“Why Gillespie Cannot Win.”
That was the title of a two-page memo that circulated among a dozen Republican donors and activists in Virginia. It was late June. Ed Gillespie, the former Republican National Committee chairman and veteran lobbyist, had just squeaked out a victory in the GOP primary for governor over a Confederacy-loving county official he was expected to trounce.
The memo—shared with Mother Jones—laid out why Gillespie stood little chance of beating the Democratic nominee, Lt. Governor Ralph Northam. It described four key voting blocs in Virginia: northern Virginia suburbanites, voters in rural and semi-rural counties, heavily concentrated pockets of black voters around the state, and swing voters in counties such as Henrico, Loudoun, and Hanover. Republicans typically struggle in the suburbs and with black voters. To win statewide, the memo concluded, a GOP candidate needed to run up a net margin of at least 210,000 votes in 82 reliably Republican areas.
Trump won those 82 areas last year by 416,863 votes, the memo said. But Gillespie had lost all but a small number of them in this year’s Republican primary. And he hadn’t fared much better in his 2014 run for US Senate, racking up a paltry 182,000-vote margin in these places. Unless he drastically changed course, the memo said, Gillespie was toast in the governor’s race.
Fast-forward to today. The election is seven days away. The Virginia governor’s race has tightened to within several points. Northam, a pediatric neurologist and Army veteran, is the favorite, in a political climate favorable to Democrats, but Gillespie remains within striking distance. And as the race enters its final week, Democrats and Republicans alike are questioning what they see as a costly—and inexplicable—decision by Northam’s campaign: refusing to make the race more about Trump.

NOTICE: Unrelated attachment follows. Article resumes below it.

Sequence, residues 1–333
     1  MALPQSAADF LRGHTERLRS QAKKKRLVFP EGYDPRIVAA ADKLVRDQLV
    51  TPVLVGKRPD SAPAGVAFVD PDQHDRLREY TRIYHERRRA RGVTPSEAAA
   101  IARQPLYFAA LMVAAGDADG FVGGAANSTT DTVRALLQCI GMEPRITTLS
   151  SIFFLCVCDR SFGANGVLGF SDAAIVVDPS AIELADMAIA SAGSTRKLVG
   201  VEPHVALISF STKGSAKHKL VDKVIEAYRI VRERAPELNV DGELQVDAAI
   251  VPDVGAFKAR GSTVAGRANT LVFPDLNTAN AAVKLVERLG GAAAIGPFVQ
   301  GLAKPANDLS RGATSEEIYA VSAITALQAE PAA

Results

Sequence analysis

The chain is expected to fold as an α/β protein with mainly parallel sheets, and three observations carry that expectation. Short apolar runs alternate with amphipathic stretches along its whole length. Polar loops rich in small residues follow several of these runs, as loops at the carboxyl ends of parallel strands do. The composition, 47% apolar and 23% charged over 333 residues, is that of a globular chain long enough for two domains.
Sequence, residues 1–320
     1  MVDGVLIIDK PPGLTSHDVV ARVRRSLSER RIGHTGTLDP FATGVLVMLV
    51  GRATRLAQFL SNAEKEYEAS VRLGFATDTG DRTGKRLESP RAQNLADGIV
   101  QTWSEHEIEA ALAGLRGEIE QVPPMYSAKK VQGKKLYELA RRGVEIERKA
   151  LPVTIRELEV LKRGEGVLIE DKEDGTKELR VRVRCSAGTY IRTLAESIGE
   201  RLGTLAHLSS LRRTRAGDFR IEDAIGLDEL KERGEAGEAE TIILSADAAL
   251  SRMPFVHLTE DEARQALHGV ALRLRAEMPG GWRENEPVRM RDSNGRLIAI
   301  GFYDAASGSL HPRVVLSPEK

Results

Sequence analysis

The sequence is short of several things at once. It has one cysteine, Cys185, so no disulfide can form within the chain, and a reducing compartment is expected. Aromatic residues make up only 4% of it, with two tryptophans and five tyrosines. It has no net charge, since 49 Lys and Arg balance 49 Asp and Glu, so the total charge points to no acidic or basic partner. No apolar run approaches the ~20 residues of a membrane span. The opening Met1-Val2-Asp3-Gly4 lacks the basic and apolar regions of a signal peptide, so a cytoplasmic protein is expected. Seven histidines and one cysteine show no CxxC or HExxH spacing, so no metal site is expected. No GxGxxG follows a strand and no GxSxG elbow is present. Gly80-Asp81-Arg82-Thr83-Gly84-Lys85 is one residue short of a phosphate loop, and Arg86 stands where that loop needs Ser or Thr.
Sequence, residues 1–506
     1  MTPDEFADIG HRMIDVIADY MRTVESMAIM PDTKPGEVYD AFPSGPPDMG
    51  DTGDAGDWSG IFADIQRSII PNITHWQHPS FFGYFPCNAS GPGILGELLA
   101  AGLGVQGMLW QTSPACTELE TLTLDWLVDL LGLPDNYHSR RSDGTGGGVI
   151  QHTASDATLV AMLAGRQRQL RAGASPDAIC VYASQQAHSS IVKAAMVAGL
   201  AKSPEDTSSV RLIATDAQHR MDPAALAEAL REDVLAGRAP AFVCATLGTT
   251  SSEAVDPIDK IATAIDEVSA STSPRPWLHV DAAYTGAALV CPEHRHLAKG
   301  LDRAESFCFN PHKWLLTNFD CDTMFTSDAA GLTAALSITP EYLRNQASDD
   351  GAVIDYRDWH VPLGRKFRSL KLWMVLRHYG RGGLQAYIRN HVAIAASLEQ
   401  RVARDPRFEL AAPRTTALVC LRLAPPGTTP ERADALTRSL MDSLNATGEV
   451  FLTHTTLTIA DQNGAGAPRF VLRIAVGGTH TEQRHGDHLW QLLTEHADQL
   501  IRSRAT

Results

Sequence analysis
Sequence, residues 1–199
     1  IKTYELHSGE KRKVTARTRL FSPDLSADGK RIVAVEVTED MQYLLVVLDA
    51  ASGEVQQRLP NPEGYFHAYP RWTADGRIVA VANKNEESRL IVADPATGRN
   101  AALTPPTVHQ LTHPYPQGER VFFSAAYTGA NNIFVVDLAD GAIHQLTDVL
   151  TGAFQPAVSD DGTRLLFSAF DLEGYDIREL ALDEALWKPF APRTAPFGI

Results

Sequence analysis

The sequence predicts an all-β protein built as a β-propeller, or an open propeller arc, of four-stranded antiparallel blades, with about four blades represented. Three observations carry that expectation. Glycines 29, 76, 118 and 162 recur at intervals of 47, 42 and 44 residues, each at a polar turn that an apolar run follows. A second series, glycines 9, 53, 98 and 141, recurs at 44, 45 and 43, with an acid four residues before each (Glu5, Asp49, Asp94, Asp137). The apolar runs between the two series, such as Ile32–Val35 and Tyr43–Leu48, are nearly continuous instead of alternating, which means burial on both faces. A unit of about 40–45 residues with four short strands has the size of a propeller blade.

“It should’ve been all about Trump for Democrats up to this point,” says Mark Rozell, the dean of the Schar School of Policy and Government at George Mason University. Rozell says Trump’s mid-30s approval rating in Virginia, Hillary Clinton’s 5-point win there last year, and the state’s long history of electing a governor from the party not in control of the White House all accrue to Democrats’ benefit. “They have not taken advantage of the key fundamentals in their favor,” he says. “Those fundamentals all lean Democrat, but the race at this stage is very close.”